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Tyson Gillard | 12.25.2016

The terrain of Oregon offers almost everything the outdoor enthusiast could ask for, from deserts to the coast to rain-soaked pine forests, and Bend anchors another of Oregon's unique environments to call home for a foray into the outdoors. Like the rest of Oregon, there is a magnificent assortment of activities to choose from here, and in the winter the high desert scrub, striking volcanoes, and subterranean lava tubes assume an entirely different character. Its Sno-Parks and cinder cones become snowy playgrounds for snowshoers and skiers, while its waterfalls continue to roar amid a fringe of ice.

We can find far more than 15 reasons to go there, but here are the best.

Backcountry Skiing

  • Cinder Cone: Anyone who skis at Mount Bachelor will recognize the little mound often used by skiers and snowboarders who visit the resort. Being outside of the resort boundaries, the Cinder Cone is a cost-effective way to ski close to resort amenities, but be forewarned: The secret’s out. 
  • Ball Butte: An enjoyable alternative to backcountry skiing nearer to Bend, Ball Butte offers accessible backcountry runs near Broken Top. Access is difficult, though, so do your level best to get the keys to a snowmobile.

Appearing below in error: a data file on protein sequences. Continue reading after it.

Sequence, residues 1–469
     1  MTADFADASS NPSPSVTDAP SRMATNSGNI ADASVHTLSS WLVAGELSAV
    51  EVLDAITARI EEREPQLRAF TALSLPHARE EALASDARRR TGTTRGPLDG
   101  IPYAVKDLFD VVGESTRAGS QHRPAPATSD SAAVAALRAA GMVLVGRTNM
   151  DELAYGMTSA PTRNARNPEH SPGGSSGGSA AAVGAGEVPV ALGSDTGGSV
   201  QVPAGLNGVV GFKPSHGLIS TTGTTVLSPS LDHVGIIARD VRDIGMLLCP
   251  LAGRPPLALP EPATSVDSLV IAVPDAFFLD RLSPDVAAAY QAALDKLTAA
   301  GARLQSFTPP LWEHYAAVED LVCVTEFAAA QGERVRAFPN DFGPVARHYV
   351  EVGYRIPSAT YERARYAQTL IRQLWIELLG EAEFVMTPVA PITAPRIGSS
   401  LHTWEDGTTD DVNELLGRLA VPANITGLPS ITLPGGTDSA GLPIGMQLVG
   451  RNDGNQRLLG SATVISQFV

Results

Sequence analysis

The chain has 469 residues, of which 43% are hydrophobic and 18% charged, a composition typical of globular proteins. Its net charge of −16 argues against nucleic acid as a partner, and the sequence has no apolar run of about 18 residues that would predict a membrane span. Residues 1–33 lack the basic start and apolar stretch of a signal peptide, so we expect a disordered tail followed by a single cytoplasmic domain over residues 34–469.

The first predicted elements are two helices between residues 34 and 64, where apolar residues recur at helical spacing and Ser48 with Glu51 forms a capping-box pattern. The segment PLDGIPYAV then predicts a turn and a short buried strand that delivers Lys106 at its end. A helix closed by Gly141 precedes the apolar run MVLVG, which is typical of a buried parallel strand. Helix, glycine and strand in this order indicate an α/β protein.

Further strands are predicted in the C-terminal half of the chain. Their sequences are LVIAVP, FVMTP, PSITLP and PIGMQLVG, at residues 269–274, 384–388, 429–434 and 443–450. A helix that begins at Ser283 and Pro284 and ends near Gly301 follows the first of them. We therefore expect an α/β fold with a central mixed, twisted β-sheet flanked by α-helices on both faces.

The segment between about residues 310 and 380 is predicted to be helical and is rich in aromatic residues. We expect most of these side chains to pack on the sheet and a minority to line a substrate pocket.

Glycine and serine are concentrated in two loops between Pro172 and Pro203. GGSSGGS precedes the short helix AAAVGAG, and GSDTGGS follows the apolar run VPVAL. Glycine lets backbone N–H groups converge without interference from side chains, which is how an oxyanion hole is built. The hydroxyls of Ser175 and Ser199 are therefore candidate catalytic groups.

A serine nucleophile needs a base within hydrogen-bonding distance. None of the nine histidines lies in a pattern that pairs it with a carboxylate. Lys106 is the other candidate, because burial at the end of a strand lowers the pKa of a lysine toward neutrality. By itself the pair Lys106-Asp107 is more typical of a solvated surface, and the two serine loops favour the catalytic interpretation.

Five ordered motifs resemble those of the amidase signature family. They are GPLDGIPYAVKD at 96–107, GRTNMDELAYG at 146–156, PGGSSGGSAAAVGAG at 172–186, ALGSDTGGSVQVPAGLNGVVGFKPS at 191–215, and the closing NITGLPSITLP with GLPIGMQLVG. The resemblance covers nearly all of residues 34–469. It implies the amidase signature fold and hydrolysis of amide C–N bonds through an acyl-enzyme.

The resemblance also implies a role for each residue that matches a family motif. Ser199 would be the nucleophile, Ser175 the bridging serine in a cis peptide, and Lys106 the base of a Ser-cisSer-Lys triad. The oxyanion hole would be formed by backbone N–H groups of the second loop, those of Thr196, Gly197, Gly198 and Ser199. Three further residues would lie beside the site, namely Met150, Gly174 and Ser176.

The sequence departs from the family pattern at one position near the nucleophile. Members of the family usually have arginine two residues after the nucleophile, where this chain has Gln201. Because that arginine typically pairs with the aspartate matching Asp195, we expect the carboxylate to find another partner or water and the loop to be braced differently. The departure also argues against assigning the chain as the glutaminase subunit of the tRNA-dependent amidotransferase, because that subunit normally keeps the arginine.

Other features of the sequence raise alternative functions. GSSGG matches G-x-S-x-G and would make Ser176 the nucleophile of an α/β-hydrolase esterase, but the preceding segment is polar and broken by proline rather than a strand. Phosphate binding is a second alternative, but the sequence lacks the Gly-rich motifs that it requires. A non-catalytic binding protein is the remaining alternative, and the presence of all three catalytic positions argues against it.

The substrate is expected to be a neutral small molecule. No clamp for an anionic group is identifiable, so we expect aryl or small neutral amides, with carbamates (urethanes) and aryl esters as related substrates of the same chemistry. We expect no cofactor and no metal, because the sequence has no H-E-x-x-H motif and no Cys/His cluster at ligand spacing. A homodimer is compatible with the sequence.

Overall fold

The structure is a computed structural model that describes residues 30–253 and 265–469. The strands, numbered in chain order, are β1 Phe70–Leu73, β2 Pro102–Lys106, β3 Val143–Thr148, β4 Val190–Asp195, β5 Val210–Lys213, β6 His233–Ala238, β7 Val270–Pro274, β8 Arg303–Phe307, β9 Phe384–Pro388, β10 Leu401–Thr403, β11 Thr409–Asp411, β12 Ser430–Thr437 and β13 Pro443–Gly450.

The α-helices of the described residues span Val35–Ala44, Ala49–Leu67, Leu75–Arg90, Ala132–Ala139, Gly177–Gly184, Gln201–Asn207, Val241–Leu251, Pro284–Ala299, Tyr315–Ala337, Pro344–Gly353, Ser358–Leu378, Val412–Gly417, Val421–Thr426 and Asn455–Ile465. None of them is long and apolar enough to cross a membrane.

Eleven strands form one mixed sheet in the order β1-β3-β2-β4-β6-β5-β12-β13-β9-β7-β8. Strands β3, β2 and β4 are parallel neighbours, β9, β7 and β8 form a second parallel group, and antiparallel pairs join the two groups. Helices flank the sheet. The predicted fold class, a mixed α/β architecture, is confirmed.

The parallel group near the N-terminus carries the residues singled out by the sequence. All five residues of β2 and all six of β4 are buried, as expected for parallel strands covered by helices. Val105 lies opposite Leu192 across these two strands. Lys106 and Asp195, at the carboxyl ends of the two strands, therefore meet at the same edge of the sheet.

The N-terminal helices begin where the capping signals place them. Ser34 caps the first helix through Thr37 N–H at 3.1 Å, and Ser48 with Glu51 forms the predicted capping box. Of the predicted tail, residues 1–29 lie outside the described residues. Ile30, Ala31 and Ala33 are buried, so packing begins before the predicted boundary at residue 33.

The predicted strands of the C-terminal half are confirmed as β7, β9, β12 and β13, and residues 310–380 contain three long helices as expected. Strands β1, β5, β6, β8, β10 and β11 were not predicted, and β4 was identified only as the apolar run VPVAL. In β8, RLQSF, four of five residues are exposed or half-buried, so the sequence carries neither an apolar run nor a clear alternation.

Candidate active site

• Vista Butte Backcountry Ski: One of the finest areas for snowshoeing is also ideal for backcountry skiers. All aspects of the butte are skiable from the summit, which makes Vista Butte one of the best backcountry ski options so close to Bend.
  • Todd Lake Ridge: The runs at Todd Lake Ridge are short—the longest drop just 700 feet—so don’t expect the 10-minute joyrides down Bachelor’s Northwest Express. That said, the area offers a variety of terrain and preserves dry snow, and you can lap these routes all day long.

Cross-country Skiing

  • Wanoga Sno-Park Cross-country Loop: An easy loop, the trails at Wanoga are great for beginners or for those who want to take the dog out on a special walk. Trails are level and extend for 2 miles through pine forest.
  • Paulina Creek + Falls Loop: Another Oregon gem, the waterfalls along Paulina Creek are striking in mid-winter, much like the cascade at Tumalo Falls. Whereas Tumalo is a short day excursion, Paulina is best experienced as an overnight, whether backcountry snow camping or staying at the Paulina Lake Resort. Hot springs included!
  • The Swampy Lakes Warming Hut received an upgrade in 2016, and the new hut opened for visitors in December by the raging flames of the old hut, scorched in an opening ceremony. Like the old hut, the new one is an easy 1.5 miles from parking with great views of the Cascades.


  • Tumalo Falls Trail: Tumalo in the winter is one of the most spectacular scenes in Oregon. One of Oregon’s tallest waterfalls cascades 89 feet from a rocky precipice to the canyon floor, where the whitewater becomes indistinguishable from surrounding snow. Snowshoe or ski the 2.5 miles, but give yourself time to complete a longer loop if you’re looking for a challenge or solitude.
  • Tumalo Mountain Snowshoe: A local favorite, Tumalo Mountain offers a moderate grade and some of the best views of the area in Central Oregon. The scene is inspiring, showcasing the Cascade volcanoes from Bachelor to the Sisters.